Entrapment in large technology systems: institutional commitment and power relations

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212 Citations (Scopus)


Large technology systems cannot be developed without social commitments, usually including legal (especially in the form of contracts), organisational (involving producers, users and financiers) and political (involving various actors associated with the state) commitments. Without such commitments, there can be no innovation and no investment, given the high risks that are entailed. However, embedded commitments can create inertia, causing inferior technologies and technology paths to survive long after they should have been abandoned. This form of technological lock-in may be reinforced when there are close relations between producers and states which prevent markets and democratic processes from operating effectively. These phenomena are illustrated through study of the Thermal Oxide Reprocessing Plant (THORP) - a nuclear reprocessing plant in the UK. The lesson for technology policy is that much more attention needs to be given to the maintenance of reversibility and adaptability in infrastructural development. (C) 2000 Elsevier Science B.V. All rights reserved.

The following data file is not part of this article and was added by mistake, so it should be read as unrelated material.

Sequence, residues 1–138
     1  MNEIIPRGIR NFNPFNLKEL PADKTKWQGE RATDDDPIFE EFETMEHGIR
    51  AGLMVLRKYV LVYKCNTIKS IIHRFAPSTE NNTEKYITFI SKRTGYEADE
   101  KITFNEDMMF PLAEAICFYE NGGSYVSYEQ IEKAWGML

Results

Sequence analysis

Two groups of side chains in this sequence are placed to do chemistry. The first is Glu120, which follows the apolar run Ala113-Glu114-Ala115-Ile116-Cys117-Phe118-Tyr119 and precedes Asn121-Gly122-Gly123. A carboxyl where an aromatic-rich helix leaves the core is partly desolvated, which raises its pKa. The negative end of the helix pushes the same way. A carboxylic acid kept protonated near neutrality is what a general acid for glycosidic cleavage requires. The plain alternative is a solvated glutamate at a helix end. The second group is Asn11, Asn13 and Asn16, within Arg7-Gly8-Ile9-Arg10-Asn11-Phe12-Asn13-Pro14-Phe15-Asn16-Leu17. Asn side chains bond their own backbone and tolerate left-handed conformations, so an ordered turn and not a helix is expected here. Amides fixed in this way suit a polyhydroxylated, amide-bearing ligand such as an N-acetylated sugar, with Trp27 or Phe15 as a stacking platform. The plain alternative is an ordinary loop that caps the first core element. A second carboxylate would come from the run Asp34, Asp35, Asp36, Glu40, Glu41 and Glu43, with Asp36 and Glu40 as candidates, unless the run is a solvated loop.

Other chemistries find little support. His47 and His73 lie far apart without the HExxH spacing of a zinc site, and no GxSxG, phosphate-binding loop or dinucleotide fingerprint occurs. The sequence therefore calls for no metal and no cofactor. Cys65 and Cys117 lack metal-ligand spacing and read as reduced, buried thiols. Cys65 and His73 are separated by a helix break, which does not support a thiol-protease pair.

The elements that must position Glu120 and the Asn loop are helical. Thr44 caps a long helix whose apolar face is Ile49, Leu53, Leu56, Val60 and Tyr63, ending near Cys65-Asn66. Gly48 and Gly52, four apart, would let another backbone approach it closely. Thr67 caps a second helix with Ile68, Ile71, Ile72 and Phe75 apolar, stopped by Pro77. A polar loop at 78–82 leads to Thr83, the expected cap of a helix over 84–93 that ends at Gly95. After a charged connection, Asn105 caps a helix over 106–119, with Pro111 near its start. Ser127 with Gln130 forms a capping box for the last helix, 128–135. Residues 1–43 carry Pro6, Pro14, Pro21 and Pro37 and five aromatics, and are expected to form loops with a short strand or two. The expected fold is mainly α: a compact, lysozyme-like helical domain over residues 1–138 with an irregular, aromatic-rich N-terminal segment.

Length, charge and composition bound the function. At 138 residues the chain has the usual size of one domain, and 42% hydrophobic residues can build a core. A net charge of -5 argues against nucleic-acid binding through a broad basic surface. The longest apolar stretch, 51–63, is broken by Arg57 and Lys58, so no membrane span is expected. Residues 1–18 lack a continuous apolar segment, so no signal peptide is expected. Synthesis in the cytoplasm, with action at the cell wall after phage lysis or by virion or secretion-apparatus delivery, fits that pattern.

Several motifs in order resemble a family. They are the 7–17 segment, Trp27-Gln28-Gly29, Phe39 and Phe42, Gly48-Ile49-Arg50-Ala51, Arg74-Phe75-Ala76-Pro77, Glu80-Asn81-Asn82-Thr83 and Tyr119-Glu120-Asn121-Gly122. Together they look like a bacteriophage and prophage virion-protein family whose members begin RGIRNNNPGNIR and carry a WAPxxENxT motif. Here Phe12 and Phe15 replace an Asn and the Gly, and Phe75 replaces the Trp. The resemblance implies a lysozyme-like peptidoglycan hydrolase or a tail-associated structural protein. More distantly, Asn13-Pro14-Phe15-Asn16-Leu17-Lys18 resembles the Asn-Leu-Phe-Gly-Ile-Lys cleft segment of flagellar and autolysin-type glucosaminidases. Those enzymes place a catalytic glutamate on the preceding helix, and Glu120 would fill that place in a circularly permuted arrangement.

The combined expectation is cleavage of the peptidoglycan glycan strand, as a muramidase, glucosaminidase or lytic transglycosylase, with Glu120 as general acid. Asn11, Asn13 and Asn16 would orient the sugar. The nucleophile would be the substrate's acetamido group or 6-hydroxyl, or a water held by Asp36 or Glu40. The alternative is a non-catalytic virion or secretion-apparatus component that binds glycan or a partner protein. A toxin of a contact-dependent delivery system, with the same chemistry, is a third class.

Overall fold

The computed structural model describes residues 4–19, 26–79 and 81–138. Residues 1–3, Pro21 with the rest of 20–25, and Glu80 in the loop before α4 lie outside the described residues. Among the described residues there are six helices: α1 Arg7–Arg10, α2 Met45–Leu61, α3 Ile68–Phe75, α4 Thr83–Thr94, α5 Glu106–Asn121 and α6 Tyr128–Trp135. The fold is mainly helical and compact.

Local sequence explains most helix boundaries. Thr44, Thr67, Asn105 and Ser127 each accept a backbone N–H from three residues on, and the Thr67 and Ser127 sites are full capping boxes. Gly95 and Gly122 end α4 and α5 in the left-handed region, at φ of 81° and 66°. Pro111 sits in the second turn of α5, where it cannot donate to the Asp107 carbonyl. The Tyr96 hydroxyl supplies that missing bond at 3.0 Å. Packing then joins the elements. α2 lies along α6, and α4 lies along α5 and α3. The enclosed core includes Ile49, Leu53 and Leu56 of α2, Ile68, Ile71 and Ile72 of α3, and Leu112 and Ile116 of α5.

Original languageEnglish
Pages (from-to)833-846
Number of pages14
JournalResearch Policy
Issue number7-8
Publication statusPublished - Aug 2000


  • nuclear
  • technology policy
  • technology systems
  • lock-in
  • institutional commitments


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